"He came back late on Thursday," Rodgers said. "He was in training on Friday and I was thinking how tired he was -- his face, his body. He just looked totally shattered from all the travel and exertions from the game.

"But you look at him today -- his energy and willingness to work for the team, and then just his sheer quality. His imagination in the game is incredible.

"He really frightens defenders, and that led to a penalty."

Part of complete coverage on
CNN Football Club
Be part of CNN's coverage of European Champions League matches and join the social debate.
April 15, 2014 -- Updated 1523 GMT (2323 HKT)
The 1989 Hillsborough stadium tragedy, which claimed 96 lives, brought the red and the blue halves of Liverpool together.
CNN's Don Riddell says the 1989 Hillsborough tragedy has caused irreparable damage to the families of the 96 victims and the survivors.
April 11, 2014 -- Updated 1244 GMT (2044 HKT)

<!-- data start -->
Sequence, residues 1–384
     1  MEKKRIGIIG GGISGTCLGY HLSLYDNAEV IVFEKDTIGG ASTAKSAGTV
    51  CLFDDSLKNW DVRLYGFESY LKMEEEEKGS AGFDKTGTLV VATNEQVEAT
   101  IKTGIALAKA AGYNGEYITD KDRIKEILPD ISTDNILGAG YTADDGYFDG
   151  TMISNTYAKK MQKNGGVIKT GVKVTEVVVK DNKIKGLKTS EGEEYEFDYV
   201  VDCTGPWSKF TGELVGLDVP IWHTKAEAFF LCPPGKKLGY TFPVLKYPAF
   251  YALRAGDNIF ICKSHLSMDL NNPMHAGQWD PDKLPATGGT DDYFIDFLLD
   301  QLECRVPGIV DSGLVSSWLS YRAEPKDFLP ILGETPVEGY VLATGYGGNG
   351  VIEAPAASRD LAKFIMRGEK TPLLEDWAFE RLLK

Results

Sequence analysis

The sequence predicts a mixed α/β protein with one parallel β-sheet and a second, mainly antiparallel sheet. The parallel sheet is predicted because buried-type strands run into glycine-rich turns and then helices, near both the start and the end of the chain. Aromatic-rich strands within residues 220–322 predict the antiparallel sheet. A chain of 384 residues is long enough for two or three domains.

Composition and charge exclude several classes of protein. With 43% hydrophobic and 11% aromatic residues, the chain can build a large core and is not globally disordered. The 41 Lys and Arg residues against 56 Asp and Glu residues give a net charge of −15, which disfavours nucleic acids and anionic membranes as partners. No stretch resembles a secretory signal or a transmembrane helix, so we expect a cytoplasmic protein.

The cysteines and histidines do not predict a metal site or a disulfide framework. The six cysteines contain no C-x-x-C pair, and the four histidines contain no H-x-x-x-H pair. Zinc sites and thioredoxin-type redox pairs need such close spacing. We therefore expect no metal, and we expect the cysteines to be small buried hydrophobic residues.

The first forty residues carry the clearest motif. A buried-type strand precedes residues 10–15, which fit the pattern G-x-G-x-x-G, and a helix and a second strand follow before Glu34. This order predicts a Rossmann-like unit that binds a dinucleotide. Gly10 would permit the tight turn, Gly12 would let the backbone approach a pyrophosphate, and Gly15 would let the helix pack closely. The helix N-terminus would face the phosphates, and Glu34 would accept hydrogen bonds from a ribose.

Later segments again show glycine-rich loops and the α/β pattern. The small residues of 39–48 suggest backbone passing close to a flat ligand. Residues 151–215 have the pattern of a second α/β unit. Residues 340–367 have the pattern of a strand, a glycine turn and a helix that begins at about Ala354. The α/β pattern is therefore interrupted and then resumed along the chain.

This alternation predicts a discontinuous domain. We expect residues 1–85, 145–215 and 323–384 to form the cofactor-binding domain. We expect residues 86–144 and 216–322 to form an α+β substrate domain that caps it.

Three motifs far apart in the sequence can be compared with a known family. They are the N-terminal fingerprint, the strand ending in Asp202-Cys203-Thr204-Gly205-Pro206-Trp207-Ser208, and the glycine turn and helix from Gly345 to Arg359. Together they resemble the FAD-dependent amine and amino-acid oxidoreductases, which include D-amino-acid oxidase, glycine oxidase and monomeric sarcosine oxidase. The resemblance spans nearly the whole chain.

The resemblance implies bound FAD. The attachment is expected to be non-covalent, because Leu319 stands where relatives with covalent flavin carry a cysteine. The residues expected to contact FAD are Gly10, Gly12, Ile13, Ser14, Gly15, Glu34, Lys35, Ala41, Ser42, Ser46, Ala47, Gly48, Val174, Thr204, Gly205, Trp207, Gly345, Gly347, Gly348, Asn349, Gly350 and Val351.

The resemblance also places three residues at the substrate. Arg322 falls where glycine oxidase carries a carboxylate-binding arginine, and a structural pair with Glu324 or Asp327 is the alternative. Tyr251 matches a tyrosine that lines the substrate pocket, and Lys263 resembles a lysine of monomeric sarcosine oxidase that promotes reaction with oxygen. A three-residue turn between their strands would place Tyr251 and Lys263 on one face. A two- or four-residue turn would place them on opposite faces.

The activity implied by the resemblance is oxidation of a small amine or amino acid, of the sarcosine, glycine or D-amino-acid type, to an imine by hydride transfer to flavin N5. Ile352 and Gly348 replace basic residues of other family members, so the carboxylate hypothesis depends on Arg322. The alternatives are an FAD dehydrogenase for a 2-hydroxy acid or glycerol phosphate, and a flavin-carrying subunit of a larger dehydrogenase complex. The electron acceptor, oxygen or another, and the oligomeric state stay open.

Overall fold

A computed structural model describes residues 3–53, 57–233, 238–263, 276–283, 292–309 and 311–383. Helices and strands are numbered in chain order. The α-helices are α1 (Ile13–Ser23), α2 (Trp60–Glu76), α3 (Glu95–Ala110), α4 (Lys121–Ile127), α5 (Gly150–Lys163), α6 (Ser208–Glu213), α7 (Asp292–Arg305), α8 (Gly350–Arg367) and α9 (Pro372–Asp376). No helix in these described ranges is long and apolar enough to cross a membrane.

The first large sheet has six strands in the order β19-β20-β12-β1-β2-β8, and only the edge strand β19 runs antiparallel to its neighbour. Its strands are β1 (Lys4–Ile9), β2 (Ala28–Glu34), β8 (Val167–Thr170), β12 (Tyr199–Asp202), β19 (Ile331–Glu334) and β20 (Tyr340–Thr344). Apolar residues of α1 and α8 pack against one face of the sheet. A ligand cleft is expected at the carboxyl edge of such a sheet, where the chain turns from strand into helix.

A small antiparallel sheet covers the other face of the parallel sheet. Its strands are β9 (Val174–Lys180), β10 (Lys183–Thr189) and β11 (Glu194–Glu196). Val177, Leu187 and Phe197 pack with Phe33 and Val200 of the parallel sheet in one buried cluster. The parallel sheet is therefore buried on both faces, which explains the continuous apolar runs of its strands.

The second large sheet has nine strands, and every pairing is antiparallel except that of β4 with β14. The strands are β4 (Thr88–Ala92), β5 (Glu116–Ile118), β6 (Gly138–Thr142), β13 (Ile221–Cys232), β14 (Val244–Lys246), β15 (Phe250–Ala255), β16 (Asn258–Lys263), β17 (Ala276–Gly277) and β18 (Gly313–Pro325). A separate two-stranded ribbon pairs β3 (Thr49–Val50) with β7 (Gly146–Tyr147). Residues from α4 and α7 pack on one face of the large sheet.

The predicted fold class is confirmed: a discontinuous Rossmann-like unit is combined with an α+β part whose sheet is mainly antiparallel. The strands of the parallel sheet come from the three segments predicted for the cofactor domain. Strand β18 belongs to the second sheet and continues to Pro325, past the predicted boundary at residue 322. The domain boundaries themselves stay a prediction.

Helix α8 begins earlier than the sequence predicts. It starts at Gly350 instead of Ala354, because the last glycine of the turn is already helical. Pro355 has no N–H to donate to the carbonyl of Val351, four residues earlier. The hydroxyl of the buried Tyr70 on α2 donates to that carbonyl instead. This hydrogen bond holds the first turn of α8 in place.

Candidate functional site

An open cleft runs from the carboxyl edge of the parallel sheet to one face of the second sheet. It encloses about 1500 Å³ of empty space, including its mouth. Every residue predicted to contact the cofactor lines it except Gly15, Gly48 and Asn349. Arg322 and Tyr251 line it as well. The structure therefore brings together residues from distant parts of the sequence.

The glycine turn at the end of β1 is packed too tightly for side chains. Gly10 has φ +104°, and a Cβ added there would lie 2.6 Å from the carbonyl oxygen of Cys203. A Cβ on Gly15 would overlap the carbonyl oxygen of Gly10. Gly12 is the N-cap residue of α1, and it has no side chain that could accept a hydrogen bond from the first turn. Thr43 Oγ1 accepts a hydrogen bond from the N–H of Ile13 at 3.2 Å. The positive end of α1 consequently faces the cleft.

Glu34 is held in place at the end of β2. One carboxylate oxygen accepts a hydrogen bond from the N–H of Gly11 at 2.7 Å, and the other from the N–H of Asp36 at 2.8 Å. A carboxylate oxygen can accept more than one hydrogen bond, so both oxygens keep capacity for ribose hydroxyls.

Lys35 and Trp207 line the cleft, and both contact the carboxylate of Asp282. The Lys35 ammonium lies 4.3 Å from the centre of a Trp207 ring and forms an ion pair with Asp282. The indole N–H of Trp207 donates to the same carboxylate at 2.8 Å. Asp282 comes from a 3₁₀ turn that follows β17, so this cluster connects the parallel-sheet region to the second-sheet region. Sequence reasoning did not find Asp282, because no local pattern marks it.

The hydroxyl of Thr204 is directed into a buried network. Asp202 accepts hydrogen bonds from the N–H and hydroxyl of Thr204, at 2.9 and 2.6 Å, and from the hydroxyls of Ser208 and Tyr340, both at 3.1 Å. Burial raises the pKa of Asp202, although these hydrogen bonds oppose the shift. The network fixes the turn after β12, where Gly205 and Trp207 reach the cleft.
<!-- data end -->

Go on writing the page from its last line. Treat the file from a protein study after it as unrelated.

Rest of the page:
The Champions league trophy stands on show during the draw for the quarter-finals of the UEFA Champions league at the UEFA headquarters in Nyon on March 21, 2014. AFP PHOTO/FABRICE COFFRINI (Photo credit should read FABRICE COFFRINI/AFP/Getty Images)
Two European heavyweights will collide in the Champions League semifinals after Bayern Munich and Real Madrid were drawn together in Switzerland.
March 24, 2014 -- Updated 1248 GMT (2048 HKT)
West Bromwich Albion's French striker Nicolas Anelka looks on during the English Premier League football match between West Bromwich Albion and Newcastle United at The Hawthorns in West Bromwich, central England, on January 1, 2014.